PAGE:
One of the only things Republicans and Democrats in Washington, DC can agree on is that they don’t like the accreditation system in higher education.
The “watchdogs that don’t bark,” as former Education Secretary Arne Duncan famously termed them, just don’t seem to be doing a great job holding institutions responsible for their student outcomes, as a Wall Street Journal investigation showed.
This matters not only because any institution accredited in the northeast claims the same seal of quality assurance as Harvard University regardless of its outcomes, but also because for over half a century now, accreditors have been the gatekeepers to federal financial aid for colleges and universities.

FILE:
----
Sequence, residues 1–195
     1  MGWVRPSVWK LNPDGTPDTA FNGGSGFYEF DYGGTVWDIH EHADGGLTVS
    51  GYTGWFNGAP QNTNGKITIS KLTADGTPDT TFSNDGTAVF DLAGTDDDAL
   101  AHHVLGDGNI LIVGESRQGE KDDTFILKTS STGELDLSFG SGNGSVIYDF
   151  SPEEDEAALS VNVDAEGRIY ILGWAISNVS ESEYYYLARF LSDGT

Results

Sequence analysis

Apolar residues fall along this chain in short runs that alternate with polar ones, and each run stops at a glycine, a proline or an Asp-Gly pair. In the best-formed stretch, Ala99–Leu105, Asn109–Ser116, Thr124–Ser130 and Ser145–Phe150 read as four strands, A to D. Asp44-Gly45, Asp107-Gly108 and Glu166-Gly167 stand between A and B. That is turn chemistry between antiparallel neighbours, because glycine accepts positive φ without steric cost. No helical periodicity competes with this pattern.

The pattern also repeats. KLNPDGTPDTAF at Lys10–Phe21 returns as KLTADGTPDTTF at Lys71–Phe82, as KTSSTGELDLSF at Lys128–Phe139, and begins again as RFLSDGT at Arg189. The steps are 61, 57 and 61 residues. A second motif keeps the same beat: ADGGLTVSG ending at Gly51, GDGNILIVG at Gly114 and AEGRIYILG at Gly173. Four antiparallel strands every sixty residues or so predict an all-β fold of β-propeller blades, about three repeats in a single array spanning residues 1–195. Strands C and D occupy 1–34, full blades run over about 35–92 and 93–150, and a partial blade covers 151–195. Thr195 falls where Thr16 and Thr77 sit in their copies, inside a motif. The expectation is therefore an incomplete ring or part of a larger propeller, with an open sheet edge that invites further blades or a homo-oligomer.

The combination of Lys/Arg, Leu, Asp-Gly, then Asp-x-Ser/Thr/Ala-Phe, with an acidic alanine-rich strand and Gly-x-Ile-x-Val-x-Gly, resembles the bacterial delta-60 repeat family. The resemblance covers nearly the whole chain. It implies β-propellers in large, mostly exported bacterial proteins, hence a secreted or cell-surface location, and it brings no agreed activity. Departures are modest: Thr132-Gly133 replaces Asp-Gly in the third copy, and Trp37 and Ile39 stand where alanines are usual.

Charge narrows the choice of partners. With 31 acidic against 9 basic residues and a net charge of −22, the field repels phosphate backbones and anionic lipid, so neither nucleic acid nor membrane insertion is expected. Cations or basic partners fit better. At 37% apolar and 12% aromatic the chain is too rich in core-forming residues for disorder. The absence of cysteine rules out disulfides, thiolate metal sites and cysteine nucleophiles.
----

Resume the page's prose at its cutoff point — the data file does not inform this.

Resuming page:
Although Republicans and Democrats agree accreditation is problematic, they don’t agree on a solution. Enter Judith Eaton, the president of the Council for Higher Education Accreditation. In a piece titled “How disruption can contribute to the future success of accreditation,” Eaton opines on the merits of accreditors embracing disruption.
What she describes isn’t actually embracing disruptive innovation—a specific theory relating to competitive response. But her diagnosis of what ails accreditors and what it might take to help them does borrow some strong insights from the broader playbook on innovation. Accreditors would be smart to embrace this thinking to, as Eaton wrote, “move accreditation forward on our own terms.”